Anyone who's down for a river play date..hit me up on Pop's blog here. I can already cast 60 ft with a single hander and am working on my snake roll with the Spey rod. I'm just kind of advanced for a one year old. No big deal or anything.
See you soon on the river!
Tuesday, November 1, 2011
Gentlemen, we live in a dudes dominated sport. Just about everything about it is geared for us. Waders, Rods, Jackets, the drinking, dick and fart jokes....sounding familiar anyone?
Breaking into this crazy bunch isnt easy thing, but imagine being a girl who's never fished before.
Recently I asked Lisa Rice, a newly devout fisher-lady to write a guest post about the transition from stiletto's to spey rods. What a gigantic jump?
With help from her helpful fiance Andrew, the candle burns bright for this lady angler.
It’s hard for me to remember what life was like before casting a spey rod and fishing for steelhead. Although, I am pretty sure it was less exciting, more expensive, and a lot less rewarding.
Growing up, I had horses, so it wasn’t like I never was outdoors or had an outdoor hobby as a kid. I loved digging up clams and getting fresh crab with my family at our cabin in the San Juan Islands. I was a part of Campfire girls. I was a part of Pony Club. I didn’t mind getting my hands dirty. I guess fishing just never was introduced to me in a way that caught on, or was as intriguing as it was when I was shown how to cast a fly rod for the first time.
In college—mostly in the earlier years, I did what a lot of girls my age did. I played volleyball, went on dates, liked to shop, and of course, did my share of partying. So, the outdoors just stayed- well- outdoors. I found myself working retail and buying the retail I was selling. Shopping was definitely not a foreign idea, and I rarely left the house without makeup on. At the time, it didn’t seem like I was missing out on anything, but now that am in a place where I would rather find myself wading in a river swinging flies for steelhead than in a bar having superficial conversations with people that I can barely hear over loud music, I can definitely say that I wish I had discovered this other world a lot sooner.
Thankfully, almost three years ago, I was united with an amazing man who not only loved to fish, but who also loved to teach people how to fish. It is one thing to date someone who fishes, and they just go do their thing and you go to yours, but it is quite another to date someone who actually wants to show you what they love to do and share it with you. I am grateful to be with the latter. After only dating for a couple weeks, Andrew asked me if I wanted to go with him to a fly-fishing event in Monroe (the Jimmy Green Memorial Fly Expo), so that I could check it all out and he could show me what it was that took up his spare time. It was at this expo that I picked up my first single hand rod, and even tried casting a spey rod for the first time too. I guess I just killed a couple birds with one stone (or a rod in this case…). Shortly after that, we went to his parent’s cabin in the Methow Valley and he took me trout fishing. It was there that I hooked my first small trout and that was it. Pun very much intended—I was HOOKED. Seeing that mouth come up and grab the fly and then watching the line go straight to a shiny silver fish jumping out of the river… it was unbelievable. Not to mention the whole adrenaline rush of fighting a fish on a fly rod with a single action reel, making it that much more of a challenge and a thrill.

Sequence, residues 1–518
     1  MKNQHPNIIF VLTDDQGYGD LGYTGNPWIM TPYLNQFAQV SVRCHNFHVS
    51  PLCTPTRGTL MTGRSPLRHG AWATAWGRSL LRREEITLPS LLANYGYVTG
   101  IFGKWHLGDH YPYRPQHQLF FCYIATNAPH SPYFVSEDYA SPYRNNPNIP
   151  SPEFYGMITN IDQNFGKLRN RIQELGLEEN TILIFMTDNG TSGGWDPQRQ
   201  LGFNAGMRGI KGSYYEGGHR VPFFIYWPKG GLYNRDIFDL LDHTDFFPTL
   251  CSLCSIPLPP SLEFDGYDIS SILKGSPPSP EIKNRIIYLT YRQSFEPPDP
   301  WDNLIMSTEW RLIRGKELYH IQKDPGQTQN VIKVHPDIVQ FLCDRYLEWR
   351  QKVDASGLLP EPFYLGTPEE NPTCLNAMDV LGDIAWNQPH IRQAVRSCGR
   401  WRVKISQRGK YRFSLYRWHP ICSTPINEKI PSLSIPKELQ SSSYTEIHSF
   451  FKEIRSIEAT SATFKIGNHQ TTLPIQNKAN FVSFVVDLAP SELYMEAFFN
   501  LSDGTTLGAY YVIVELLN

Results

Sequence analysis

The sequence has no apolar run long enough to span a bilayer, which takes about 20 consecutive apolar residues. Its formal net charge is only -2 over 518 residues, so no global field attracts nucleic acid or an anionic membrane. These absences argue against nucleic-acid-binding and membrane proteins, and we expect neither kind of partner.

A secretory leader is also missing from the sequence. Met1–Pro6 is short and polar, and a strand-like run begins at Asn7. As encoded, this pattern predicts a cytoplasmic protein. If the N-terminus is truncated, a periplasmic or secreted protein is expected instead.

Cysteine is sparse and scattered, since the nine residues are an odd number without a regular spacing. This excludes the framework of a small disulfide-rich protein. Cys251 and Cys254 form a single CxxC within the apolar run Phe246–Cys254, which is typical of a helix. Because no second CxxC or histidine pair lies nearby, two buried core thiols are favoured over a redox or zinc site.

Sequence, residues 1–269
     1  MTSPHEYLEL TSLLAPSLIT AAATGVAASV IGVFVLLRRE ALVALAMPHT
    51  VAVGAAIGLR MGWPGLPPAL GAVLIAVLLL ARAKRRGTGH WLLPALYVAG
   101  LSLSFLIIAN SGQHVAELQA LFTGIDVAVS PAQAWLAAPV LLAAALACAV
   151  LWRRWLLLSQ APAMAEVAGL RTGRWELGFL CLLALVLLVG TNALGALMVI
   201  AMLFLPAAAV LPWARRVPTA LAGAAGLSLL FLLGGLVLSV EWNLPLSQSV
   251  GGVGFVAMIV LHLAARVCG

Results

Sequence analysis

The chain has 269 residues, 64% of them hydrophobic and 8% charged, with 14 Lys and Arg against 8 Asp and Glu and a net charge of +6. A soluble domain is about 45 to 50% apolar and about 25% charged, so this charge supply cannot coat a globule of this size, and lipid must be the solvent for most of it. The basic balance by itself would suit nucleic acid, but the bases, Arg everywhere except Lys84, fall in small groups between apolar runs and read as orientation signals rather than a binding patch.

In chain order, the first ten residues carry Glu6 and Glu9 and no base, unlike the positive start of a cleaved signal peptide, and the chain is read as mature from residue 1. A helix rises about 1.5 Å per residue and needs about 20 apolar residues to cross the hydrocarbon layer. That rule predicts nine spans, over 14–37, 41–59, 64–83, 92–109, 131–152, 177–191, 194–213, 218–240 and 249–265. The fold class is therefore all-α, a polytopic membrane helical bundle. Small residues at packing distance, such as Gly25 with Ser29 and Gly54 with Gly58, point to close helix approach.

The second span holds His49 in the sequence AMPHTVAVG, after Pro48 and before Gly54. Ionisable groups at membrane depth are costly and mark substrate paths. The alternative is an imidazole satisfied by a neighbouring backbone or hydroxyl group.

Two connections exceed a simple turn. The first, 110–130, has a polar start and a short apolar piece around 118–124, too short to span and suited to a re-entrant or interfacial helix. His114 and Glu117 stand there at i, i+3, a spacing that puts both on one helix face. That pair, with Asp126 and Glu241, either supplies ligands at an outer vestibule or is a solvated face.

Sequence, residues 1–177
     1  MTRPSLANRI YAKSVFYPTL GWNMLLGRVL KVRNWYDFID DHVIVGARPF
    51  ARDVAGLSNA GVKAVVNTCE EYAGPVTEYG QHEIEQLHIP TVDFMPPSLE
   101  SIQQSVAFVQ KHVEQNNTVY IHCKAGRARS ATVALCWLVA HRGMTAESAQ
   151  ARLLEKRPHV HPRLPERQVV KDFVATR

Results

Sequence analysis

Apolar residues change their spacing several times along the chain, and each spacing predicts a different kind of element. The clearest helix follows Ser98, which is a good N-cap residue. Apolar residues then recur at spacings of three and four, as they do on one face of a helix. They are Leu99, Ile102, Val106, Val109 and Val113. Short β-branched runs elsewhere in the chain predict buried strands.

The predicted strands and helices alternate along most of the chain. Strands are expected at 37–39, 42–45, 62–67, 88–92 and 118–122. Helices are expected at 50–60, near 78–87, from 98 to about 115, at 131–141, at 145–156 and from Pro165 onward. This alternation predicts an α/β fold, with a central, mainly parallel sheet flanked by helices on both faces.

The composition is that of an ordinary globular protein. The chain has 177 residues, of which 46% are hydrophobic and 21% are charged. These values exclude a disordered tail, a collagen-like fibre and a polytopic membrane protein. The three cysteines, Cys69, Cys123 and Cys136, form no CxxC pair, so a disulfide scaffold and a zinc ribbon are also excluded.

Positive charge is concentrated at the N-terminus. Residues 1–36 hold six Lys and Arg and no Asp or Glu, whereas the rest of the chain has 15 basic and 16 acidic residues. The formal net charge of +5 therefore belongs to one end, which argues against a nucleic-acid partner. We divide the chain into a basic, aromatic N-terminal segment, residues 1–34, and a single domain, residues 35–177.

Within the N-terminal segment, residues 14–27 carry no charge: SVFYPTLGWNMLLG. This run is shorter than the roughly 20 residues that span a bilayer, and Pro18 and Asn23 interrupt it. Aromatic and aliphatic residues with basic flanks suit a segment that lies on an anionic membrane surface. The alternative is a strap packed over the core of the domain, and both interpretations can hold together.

Steelhead, were a foreign species to me when Andrew took me to the Grande Ronde for my first attempt at catching one. He told me that trout fishing was fun and difficult in its own way, but steelhead fishing was what he was really passionate about. He said it was like nothing else, to fight a steelhead on a fly rod. The way they ran and jumped… how you had to work to get these fish to your fly and then, if you were lucky, to your feet. Right away, I was gung-ho and couldn’t wait to get out there and try it for myself. On that trip, I hooked and landed not just one, but four, wild steelhead on a single-handed 9 wt. rod. I was elated. I also was quickly made aware that I was extremely lucky to hook and land that number of amazing fish for my first time out, even for an experienced fisherman. But, I knew that from that point on, I would have a relentless passion for the challenge nonetheless. I was more than just “hooked”, I was obsessed.
Nearly three years later, I find myself looking for any excuse to get out on the river and cast a spey rod to find more steelhead. Ten years ago, I never would have guessed that I would be in this place-- one of pure enjoyment, unpredictability, excitement, disappointment, unbelievable experiences, memorable adventures and-- most importantly-- a life-long endeavor.
I love everything about steelhead fishing. I love learning new casts and ways to improve on my casting. I watch videos of well-respected spey casters to learn new techniques. I read articles and blogs written by other women who fly-fish for steelhead and even some that have made it their career. I admire what they have accomplished, and how they have turned what has been traditionally known as a male dominated sport into one where women are now guiding, teaching and even running fishing lodges all over the world. It is truly spectacular. It makes me hungry for more. I may have only started fishing a couple years ago, but I know now that it is something that I will pursue and embrace from now until I die. It’s knowing that, that makes me realize how lucky I am.
You can find more of Lisa's work at Hoof Prints and Fish Tales, as she too is a blogger.